So from the moment we wake up we are spending energy ( suffering ) leading eventually to a need to sleep ( pleasure )

    Now imagine waking up , knowing that you will not be able to sleep again, that you will stay awake until you actually die from sleep deprivation.
    At the moment of realizing your fate what would you do?
    At about 48 hours how would you be feeling?
    At 96 hours would you be feeling much at all?

    The point I am trying to make is that when we wake up and start to fatigue due to simply being awake we anticipate or self predict that we will be able to sleep eventually. So our suffering is tempered by the knowledge that relief from being awake is inevitable even in the form of natural sleep, forced (medicated) sleep, or the ultimate sleep, being death.

    It is the anticipation of relief/pleasure (a form of suffering in itself) that provides the masochistic side of the dualistic state.
    This is innate/ intuitive and not subject to will

    re: Sadism:
    With the above in mind it is the "will" ( Ego ) that wishes to maintain this state of suffering for as long as possible (A life time) and gains pleasure from it's achievements along the way.

    So the ego pushes a masochistic body as hard as it can to derive egoistic pleasure/relief from it's own egoistic cravings and desires.
    This is deliberate and subject to volition.

    Because the ego is the controlling influence in the body mind symbiosis, it could be considered as sadistic in this context, however some may argue the "egg and the chicken" and deem the human to be a dualistic masochistic situation and be justified in doing so.

    I apologize for such a lengthy and confused posting... is a significant and large topic that short speak posting may inadvertently confuse further.
    Last edited: Jul 13, 2015
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  5. Sarkus Hippomonstrosesquippedalo phobe Valued Senior Member

    But that is not sadism, nor masochism. Any suffering in that regard is simply a means to an end.
    If bacon, for example, could be provided without any suffering to the pig, I'd be happier, as I get no enjoyment from the suffering of the pig per se, just from the glorious smell of the crispy (preferably smoked) bacon. If anything, that the pig might suffer tinges my enjoyment of the bacon.
    For it to be sadistic one must derive pleasure specifically from the suffering of the other. For it to be masochistic one must derive pleasure from the suffering of self.
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  7. Sarkus Hippomonstrosesquippedalo phobe Valued Senior Member

    If one believes in birth/rebirth then perhaps "life is suffering" is a valid conclusion. But when one has no such belief, then the notion that "life is suffering", and all the associated notions of why and how one should relieve it, are rather moot (while accepting that there may be insight to notions of practical benefit irrespective of belief).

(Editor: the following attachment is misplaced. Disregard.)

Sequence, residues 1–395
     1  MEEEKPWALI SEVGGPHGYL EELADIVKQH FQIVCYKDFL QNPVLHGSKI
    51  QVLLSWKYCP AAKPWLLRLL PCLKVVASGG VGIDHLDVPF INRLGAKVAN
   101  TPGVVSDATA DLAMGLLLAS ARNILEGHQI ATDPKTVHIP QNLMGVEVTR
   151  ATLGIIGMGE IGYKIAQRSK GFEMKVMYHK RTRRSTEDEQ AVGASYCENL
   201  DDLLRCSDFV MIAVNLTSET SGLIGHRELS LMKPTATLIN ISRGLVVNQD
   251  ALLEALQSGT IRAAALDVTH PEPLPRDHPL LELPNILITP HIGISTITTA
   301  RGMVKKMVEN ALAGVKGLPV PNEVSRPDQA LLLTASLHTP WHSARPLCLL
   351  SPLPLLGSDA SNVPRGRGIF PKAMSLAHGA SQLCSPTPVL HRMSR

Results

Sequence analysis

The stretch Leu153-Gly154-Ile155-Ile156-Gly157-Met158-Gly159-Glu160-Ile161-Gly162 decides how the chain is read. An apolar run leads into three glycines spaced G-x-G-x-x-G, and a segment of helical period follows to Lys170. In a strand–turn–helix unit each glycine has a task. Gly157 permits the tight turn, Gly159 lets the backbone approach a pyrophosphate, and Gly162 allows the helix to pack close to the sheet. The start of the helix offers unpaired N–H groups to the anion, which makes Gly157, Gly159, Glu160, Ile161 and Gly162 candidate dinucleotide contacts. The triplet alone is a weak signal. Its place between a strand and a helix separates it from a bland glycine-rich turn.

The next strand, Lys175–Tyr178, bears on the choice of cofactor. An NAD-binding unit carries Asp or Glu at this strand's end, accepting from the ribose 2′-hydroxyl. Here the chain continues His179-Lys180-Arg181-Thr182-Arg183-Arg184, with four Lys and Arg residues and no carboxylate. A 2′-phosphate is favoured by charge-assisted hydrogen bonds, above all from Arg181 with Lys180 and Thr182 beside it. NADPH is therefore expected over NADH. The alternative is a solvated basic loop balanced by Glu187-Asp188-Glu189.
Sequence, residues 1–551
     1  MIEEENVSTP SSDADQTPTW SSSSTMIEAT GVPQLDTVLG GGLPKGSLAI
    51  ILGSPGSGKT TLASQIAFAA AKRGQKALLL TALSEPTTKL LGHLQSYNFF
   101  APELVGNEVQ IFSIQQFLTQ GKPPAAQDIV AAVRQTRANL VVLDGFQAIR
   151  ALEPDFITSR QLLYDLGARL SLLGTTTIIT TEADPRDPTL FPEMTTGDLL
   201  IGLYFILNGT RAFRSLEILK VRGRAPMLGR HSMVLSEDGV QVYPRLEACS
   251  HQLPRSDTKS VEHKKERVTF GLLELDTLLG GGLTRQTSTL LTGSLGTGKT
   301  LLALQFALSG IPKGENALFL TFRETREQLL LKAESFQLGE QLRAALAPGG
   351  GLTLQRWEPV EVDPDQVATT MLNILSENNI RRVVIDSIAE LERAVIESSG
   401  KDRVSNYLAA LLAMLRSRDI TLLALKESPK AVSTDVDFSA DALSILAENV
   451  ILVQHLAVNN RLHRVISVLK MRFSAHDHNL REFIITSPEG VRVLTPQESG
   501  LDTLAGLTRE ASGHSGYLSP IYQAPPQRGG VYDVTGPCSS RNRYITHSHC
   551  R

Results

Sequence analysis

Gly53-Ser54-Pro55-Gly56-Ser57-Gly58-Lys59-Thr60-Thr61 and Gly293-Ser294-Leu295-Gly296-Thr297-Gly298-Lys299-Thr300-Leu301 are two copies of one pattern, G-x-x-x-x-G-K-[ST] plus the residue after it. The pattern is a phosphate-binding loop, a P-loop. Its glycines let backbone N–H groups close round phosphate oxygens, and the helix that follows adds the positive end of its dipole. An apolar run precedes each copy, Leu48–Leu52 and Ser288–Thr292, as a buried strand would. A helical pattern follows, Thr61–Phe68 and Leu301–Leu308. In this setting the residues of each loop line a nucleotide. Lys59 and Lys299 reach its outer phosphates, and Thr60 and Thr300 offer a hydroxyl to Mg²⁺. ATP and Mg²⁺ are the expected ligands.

All of this continues to suggest you don't quite grasp what Masochism is - and how it is simply not applicable to any "suffering" we endure which is a means to an end.
    Masochism is deriving pleasure specifically from the act of suffering itself, not from suffering to reach an end point which we will subsequently enjoy.

    To understand whether an act is done masochistically or not, one should offer the person the end result without the act they are doing. If they would like the end result without the suffering, they are not masochistic. If they would still want the act of suffering, then this is being done solely for the pleasure that the act of suffering gives.

    Let's take the example of doing exercise to keep fit. You want to be able to run a marathon but it hurts to get to that level of fitness.
    Now, if you would want that level of fitness without the pain it takes to get there, you are not masochistic: the suffering you endure is a means to an end.
    If you would still rather endure the pain even though the end result is on offer without it, you would likely be considered masochistic - there is something about the actual suffering of doing the exercise that you like - not just the pleasure that the end-result (being fit) gives you.

    Your take on sadism seems to suffer (pun intended) the same flaw in understanding.
  8. Quantum Quack Life's a tease... Valued Senior Member

    Can I ask you, why do you enjoy eating?
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  9. danshawen Valued Senior Member

    Perhaps it is because if he doesn't eat, he will suffer and soon die of malnutrition?

    As would the cook who makes the breakfast, and the waiter who serves it.

    So, Michau Kaku was wrong. The universe is no free lunch. It must be paid for, and the only currency they will accept is suffering, and lots of it. Like it was designed that way. It's a lesser known religious philosophy: 'Malevolent Design'. That its initials are MD is no accident.

    Bio pathogen huggers and anti-vax folks enjoy suffering as much as inflicting it on others they infect. It all makes perfect sense now. "Microbes gotta eat, same as worms" -- paraphrased from Josey Wales character played by Clint Eastwood.

    I can't wait to get started, which only proves your point.